A lengthy legal battle between Vijay Singh and the PGA Tour may be headed to trial.
According to multiple reports, Judge Eileen Bransten of the New York Supreme Court ruled on several motions from Singh’s lawsuit, which was filed in May 2013. Bransten partially denied the Tour’s request for summary judgment, claiming that the PGA Tour recklessly administered its anti-doping program when it suspended Singh for admitted use of deer-antler spray before consulting the World Anti-Doping Agency, the reports said.
“It is up to a jury to determine whether (the Tour’s) decision to not consult WADA and/or ignore WADA studies and findings issued prior to (Singh’s) suspension concerning deer-antler spray constitute an ‘appropriate’ investigation,” Bransten wrote, according to GolfChannel.com.
Singh admitted to using the spray, which contains the banned substance IGF-1, during a January 2013 interview with Sports Illustrated. After the three-time major champion was suspended, the PGA Tour consulted with WADA and discovered that a failed drug test — which Singh didn’t have — was mandatory in order for it to be considered a violation.
Singh’s attorney, Peter Ginsberg, told Golf.com that the PGA Tour will have to answer for its conduct.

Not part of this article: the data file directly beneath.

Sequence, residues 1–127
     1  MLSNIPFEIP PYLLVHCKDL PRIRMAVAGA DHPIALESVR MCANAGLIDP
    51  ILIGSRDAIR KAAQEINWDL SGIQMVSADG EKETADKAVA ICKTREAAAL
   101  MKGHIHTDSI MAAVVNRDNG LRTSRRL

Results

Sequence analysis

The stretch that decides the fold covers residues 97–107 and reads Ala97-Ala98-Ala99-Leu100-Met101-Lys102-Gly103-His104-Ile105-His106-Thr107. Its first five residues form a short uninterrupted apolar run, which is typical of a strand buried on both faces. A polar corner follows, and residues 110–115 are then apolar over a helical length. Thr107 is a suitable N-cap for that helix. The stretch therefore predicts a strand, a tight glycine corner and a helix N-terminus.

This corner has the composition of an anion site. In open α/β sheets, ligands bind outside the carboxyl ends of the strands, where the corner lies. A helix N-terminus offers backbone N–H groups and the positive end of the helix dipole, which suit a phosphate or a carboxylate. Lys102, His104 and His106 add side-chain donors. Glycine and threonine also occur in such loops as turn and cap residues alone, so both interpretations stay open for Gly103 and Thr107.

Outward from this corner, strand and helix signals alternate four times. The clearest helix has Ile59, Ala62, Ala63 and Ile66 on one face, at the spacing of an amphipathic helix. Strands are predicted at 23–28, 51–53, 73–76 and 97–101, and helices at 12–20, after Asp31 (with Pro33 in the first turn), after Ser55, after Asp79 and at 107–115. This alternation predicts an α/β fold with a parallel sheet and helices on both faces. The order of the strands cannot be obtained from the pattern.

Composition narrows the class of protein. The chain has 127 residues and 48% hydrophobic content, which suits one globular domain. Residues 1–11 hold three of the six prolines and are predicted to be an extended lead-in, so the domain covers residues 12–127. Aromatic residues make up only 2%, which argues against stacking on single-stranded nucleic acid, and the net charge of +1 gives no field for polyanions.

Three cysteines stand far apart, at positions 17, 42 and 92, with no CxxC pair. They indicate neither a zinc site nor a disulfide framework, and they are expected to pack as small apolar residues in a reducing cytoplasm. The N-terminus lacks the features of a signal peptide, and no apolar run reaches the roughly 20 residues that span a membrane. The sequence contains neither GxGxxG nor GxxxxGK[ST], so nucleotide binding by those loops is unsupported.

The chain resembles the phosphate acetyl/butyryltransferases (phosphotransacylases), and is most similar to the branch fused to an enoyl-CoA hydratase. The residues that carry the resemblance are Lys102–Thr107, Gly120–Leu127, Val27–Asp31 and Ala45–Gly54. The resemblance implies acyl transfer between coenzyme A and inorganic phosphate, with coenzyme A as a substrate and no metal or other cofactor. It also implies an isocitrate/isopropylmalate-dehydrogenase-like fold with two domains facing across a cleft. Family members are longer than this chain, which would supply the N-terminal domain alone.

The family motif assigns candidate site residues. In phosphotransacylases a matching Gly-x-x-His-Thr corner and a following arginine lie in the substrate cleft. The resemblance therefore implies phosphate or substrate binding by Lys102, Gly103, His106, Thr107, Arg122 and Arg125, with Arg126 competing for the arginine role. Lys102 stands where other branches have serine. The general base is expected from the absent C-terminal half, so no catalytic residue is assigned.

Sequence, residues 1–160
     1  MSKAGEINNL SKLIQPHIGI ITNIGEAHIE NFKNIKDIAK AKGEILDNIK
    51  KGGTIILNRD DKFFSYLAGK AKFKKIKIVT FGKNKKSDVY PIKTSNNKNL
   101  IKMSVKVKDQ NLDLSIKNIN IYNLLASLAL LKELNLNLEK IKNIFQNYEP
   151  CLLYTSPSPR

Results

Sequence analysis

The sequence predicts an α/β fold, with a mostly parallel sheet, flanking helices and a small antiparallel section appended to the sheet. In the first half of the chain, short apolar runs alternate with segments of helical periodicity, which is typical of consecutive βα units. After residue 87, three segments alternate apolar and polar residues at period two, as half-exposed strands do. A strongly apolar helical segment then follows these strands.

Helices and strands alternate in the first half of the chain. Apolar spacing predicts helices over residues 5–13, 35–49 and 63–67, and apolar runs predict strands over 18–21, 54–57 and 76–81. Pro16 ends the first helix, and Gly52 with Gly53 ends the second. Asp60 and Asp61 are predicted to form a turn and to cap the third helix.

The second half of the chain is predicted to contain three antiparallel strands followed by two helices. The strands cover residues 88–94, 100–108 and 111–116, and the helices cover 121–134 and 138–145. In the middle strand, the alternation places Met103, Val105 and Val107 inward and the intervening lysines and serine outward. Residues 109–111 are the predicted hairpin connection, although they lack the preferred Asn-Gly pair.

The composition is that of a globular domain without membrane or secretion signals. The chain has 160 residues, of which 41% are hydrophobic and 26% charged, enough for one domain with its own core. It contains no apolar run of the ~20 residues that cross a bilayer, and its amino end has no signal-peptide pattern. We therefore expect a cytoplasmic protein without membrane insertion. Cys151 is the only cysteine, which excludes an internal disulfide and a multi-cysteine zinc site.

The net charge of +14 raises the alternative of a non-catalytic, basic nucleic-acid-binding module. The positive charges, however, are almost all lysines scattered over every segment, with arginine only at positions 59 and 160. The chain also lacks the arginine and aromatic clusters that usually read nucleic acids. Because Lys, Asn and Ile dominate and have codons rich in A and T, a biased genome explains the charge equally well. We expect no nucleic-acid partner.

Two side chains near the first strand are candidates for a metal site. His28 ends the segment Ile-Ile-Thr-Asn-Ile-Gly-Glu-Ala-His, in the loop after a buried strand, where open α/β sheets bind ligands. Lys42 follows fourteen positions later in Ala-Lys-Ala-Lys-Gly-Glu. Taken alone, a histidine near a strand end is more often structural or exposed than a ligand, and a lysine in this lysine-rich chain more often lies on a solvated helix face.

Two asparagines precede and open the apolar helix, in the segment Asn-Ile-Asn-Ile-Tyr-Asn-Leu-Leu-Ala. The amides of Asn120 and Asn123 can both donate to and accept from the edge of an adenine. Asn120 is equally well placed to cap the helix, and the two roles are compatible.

“We are looking forward to proceeding to trial and holding the PGA (Tour) responsible for its unprofessional administration of its own disciplinary policies, imposed on the golfers unilaterally and inequitably,” Ginsberg wrote in an e-mail to the website. “The (Tour) failed to consult with international experts in Vijay’s case, as it was obligated to do, even failed to keep up with those experts’ publicly stated positions on matters crucial to this case, and then the (Tour’s) leaders issued false and harmful comments in an effort to rationalize the (Tour’s) actions.”
According to GolfChannel.com, Bransten dismissed Singh’s claim that he was treated differently than other players who had also admitted to taking deer-antler spray.
A Tour spokesman declined to comment on Bransten’s ruling or any ongoing litigation, the reports said.